AURORA, Colo – Antisocial boys who abuse drugs, break laws, and act recklessly are not just “bad” kids. Many of these boys may have malfunctioning brains, according to a new study by researchers at the University of Colorado School of Medicine.
“Brain responses to everyday rewards and punishments gradually guide most youngsters’ decisions to conform with society’s rules. However, when these seriously troubled kids experience rewards and punishments, and make decisions, their brains apparently malfunction,” said Thomas Crowley, MD, a professor of Psychiatry at the School of Medicine and lead author on the study. “Our findings strongly suggest that brain malfunction underlies their frequent failure to conform to rules, to make wise decisions, and to avoid relapses back to drug use and antisocial acts.”
The scientists, including collaborators at the University of Colorado at Boulder and the University of Maryland, studied 20 adolescent boys. On average they had been on probation 139 of the last 180 days; 19 of the 20 had the psychiatric diagnosis of conduct disorder, and all had diagnoses of substance use disorder. They had been abstinent, however, an average of about five weeks when studied. They were compared with 20 other boys who did not have serious antisocial or drug problems, but who were of similar age, ethnicity, and home neighborhoods.
All played a computerized risk-taking game that repeatedly presented a choice between a cautious and a risky behavior: press the left button and always win one cent, or press the right button and either win five cents or lose ten cents. The scientists examined brain activation with functional magnetic resonance imaging (fMRI) as the boys decided to press right or left, and then as they experienced wins or losses after right presses.
Brain activation differed dramatically in the two groups. The anterior cingulate cortex monitors changing rewards and punishments, and then sends that information to another brain region (dorsolateral prefrontal cortex), which regulates one’s choices among possible behaviors. During decision-making, antisocial boys had significantly less brain activity than normals in both of those regions, and also in other decision-making areas (orbitofrontal cortex, amygdala, insula).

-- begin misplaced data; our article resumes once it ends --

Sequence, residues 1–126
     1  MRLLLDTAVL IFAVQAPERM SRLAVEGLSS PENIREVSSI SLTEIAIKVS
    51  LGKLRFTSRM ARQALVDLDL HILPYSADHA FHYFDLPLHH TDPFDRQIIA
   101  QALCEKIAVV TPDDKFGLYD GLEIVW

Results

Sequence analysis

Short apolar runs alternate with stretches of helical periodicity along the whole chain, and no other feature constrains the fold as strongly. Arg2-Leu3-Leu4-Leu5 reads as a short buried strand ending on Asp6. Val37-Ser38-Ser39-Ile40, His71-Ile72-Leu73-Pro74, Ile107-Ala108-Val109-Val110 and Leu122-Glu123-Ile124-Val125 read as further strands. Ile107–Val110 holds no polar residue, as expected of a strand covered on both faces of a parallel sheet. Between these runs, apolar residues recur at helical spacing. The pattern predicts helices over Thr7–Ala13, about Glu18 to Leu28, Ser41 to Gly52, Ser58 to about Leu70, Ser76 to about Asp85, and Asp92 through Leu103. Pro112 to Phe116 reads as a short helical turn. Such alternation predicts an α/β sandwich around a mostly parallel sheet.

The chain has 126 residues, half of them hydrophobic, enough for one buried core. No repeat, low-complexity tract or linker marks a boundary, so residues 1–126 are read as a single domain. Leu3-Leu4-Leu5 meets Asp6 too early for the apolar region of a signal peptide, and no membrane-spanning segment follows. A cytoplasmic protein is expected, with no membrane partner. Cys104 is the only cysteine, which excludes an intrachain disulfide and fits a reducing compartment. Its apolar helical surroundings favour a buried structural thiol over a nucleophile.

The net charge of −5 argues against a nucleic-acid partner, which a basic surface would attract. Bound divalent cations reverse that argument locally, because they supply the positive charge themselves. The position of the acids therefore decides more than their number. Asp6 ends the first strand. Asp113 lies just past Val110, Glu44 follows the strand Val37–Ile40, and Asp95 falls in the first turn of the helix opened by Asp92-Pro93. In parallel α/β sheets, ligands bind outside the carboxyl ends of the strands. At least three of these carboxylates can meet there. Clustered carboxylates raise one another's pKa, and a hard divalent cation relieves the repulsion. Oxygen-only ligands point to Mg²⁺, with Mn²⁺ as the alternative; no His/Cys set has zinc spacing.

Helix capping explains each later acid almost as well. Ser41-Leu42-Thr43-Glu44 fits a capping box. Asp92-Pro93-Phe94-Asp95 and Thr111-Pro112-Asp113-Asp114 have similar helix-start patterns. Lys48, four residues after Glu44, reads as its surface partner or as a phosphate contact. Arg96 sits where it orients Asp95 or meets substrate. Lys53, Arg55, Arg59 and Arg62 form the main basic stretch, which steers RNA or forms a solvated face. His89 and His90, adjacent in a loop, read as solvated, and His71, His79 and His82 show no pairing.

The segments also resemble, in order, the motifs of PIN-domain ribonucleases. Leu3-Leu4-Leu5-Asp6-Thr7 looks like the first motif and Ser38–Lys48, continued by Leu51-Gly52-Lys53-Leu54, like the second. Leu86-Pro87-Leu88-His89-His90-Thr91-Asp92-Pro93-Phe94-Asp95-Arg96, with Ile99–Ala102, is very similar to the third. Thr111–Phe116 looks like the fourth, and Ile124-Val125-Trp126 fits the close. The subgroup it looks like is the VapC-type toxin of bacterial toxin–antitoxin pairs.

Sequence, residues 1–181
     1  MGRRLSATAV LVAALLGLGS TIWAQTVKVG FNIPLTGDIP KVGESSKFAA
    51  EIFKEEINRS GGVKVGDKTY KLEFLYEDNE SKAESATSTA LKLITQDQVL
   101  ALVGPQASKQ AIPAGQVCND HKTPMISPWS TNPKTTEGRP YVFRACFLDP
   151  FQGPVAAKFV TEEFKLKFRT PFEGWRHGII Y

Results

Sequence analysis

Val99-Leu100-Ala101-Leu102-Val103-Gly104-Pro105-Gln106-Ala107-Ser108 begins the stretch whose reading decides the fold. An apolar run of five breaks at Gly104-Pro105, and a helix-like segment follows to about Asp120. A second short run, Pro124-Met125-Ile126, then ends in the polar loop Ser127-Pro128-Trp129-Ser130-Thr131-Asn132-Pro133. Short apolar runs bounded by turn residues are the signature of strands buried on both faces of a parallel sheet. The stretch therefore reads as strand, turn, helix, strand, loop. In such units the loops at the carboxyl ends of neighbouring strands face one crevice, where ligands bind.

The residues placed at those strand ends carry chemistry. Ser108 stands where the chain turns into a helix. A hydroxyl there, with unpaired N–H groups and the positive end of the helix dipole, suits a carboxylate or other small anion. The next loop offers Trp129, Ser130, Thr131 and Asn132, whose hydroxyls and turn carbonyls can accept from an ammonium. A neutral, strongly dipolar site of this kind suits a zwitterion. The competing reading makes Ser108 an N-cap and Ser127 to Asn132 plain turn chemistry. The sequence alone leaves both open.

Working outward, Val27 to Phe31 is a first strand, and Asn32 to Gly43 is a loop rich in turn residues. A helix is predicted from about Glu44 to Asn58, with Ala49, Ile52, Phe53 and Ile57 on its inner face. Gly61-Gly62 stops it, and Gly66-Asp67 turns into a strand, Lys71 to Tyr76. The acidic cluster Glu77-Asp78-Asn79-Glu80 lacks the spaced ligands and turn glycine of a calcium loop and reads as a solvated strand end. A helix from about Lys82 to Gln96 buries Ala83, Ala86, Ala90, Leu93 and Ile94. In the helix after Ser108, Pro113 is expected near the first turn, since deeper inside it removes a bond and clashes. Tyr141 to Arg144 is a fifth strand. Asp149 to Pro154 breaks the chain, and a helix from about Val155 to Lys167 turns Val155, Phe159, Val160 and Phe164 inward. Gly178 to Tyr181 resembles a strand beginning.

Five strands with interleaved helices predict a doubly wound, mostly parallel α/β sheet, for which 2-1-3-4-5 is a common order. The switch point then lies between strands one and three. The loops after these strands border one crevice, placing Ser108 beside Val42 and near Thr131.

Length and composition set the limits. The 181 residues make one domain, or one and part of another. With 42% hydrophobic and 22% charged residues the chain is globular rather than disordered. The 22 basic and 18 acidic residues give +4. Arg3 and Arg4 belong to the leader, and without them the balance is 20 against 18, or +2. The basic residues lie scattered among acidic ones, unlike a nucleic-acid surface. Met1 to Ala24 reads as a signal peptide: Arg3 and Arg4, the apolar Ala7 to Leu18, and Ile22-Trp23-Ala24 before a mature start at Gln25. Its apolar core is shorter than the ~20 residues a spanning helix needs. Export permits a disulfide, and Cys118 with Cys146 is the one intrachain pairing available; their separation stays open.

Altogether, during decision-making about 6000 voxels (a voxel is a tiny cube in the brain) activated significantly less in antisocial boys than in comparison boys. No voxels activated more in antisocial boys. Such under-activity during decision-making could contribute to disinhibited antisocial and drug-using behaviors.
As predicted by others not associated with the study, the antisocial boys also had dysphoria, a chronic sad-anxious state, with “reward insensitivity”; in the game their brains responded less than the comparison boys’ brains to wins. They also had “punishment hypersensitivity”, with greater brain response to losses than comparison boys.
Interestingly, the number of risky right presses was similar in the two groups. The scientists speculate that this occurred because the game forced the boys to deliberate for several seconds before pressing either button.
The study was supported by grants from the National Institute on Drug Abuse and the Kane Family Foundation of Colorado Springs. The report was published today in the online journal, Public Library of Science One (PLoS One), and it is freely available.
Faculty at the University of Colorado School of Medicine work to advance science and improve care. These faculty members include physicians, educators and scientists at University of Colorado Hospital, The Children’s Hospital, Denver Health, National Jewish Health, and the Denver Veterans Affairs Medical Center. Degrees offered by the UC School of Medicine include doctor of medicine, doctor of physical therapy, and masters of physician assistant studies. The School is located on the University of Colorado’s Anschutz Medical Campus, one of four campuses in the University of Colorado system. For additional news and information, please visit the UC Denver newsroom online.
Contact: Jackie Brinkman, 303.724.1525, firstname.lastname@example.org;